YEAR CHRISTMAS 1979
Christmas 1979 was looking very bleak and lonely. Being the youngest child, I was the only one left at to share Christmas with my mother. Mom and I were living in Anchorage in a basement apartment. She announced she had invited a man named Bernie over for Christmas Eve to decorate our tree.
Christmas Eve came, along with Bernie, a lonely gentleman, Mom had met at a local Inn, where she was employed as a hostess. This was Bernie’s first Christmas away from his daughter and grandchildren, whom he missed terribly. They lived in Maine and he was stationed in Alaska by an oil company. Bernie’s story didn’t surprise me, as my mother always had a soft spot for a lonely soul (orphan) without a family, to share the holidays.
Well, along with Christmas Eve, Bernie and our artificial tree, came eggnog. But not just ordinary eggnog, but eggnog and rum, which Bernie so cheerfully supplied. Apparently it was one of his old family traditions.
We proceeded to transform a cardboard box stuffed with plastic branches into a decent looking tree. We began to notice how meticulous Bernie was, when it took him at least ten minutes to form each branch, perfectly. He kept telling us it had to be “asymmetrical.”
Hours later the tree branches, finally together and the lights shining brightly on our perfectly asymmetrical tree, it was time for our homemade ornaments and treasured crystal bulbs. This turned into another ordeal. Bernie, at this point was perched on the sofa arm rest, eggnog in hand, visions of Christmas past with his family, flashing through his mind.
Mom and I exchanged worried glances, but proceed to hang our treasured ornaments. Bernie, at times, would let out a squeal of disappointment, and announced “that is the wrong spot, move it up and to the left, NO! NO! I mean to right, now turn it around!” We finally had all the ornaments hung with the precise direction of Bernie. I had to admit it was a perfect tree, but acknowledged it had not been worth it. It was well past midnight and we had a very tipsy Bernie on our hands. He mumbled about our beautiful tree and how empty his room was back at the Inn.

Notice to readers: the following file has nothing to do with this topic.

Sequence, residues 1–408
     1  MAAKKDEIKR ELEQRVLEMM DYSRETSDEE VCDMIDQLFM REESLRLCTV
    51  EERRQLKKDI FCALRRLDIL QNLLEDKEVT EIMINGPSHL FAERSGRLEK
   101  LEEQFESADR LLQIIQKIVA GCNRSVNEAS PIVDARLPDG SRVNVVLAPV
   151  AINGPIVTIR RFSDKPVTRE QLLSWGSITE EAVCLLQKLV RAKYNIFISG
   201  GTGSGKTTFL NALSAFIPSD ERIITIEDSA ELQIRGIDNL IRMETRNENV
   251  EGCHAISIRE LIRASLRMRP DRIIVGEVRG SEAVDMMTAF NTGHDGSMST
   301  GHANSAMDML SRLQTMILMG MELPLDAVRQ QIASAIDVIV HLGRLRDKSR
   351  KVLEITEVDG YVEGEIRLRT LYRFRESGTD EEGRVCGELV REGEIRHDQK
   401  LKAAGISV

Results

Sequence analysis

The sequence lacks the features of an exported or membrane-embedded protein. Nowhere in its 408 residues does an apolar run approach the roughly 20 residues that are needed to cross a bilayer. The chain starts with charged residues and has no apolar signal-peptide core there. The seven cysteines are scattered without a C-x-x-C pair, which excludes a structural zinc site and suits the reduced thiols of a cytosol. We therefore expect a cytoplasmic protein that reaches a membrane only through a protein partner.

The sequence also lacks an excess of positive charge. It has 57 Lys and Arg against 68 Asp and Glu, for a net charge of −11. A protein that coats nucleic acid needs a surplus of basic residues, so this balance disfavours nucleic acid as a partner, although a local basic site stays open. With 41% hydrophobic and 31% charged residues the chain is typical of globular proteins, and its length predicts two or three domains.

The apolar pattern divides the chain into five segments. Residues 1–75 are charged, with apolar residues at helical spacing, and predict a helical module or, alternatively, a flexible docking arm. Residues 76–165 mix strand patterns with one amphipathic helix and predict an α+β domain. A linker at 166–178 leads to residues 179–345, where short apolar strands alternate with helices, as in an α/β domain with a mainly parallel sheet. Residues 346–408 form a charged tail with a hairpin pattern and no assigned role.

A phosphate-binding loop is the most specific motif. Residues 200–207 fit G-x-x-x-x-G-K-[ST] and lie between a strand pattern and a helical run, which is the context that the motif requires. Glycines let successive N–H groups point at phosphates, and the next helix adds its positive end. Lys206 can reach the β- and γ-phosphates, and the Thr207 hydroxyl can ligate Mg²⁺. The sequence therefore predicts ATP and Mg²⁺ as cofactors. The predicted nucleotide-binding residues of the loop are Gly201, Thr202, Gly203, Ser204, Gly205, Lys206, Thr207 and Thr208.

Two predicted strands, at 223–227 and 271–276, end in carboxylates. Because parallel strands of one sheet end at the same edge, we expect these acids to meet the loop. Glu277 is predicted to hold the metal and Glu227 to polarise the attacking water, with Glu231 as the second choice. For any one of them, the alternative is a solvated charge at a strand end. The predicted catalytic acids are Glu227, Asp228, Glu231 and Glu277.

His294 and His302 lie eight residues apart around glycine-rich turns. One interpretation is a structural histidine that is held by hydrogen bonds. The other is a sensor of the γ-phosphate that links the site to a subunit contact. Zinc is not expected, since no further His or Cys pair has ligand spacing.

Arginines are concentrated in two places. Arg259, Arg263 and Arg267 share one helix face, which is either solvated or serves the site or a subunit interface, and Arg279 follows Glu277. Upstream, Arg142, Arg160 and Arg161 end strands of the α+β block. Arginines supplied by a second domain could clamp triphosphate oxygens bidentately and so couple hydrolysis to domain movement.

With a blink of an eye, Bernie jumped up, grabbed the middle of our tree, yanking the lights out of the socket, and proceeded to drag the tree to the door of our basement apartment. Opening the door, clouds of warm air, hit the cold, cold night air and fog and steam surrounding him, he disappeared up the stairs.
There was yelling and screaming about our ornaments as the tree went bump, bump up the steps. Garland and ornaments and bulbs scattered everywhere, my Mom yelling loud enough for the sleeping neighbors to hear her scream, “I don’t care about the tree but let us have the ornaments back!” Bernie disappeared into the cold night, in a cloud of fog, dragging our tree to this little 280-Z car. We all know how little those cars are!! He crammed and pushed the decorated tree into his little car.
He jumped into the car, slammed the door, and with a roar of the engine, tried to take off. Not getting enough traction, as it was snowing, he was stuck. He jumped out of his little car, stomping off down the driveway in the direction of the Inn. Mom yelled at him, reclaimed our tree, pulling it back out of the little car.
Lights went on all over the neighborhood, as astonished sleepy people, peeked out from behind the drapes, just in time to see my Mom pulling the tree out of the car, walk across the parking lot. She was quite a sight, with her pink fuzzy slippers. She raised the tree like a trophy. I was in a state of shock.
Back in the apartment, after retrieving bulbs and garland from the parking lot and the stair well, we both burst out laughing and tried to salvage what we could of our tree.
Christmas morning arrived, the night before seemed like a dream. Mom said Bernie was crazed from all the eggnog but he was still a very lonely man and this was Christmas Day. So we decided to remove just our treasured ornaments, left the rest of the decorations in tact, and delivered the tree to the Inn for Bernie to enjoy. I am sure he spent hours and hours making it “asymmetrical” again. We never saw him or heard from him. We told each other – Never ever again will we ever have a Christmas like this one!
Susan Jordan is our guest author.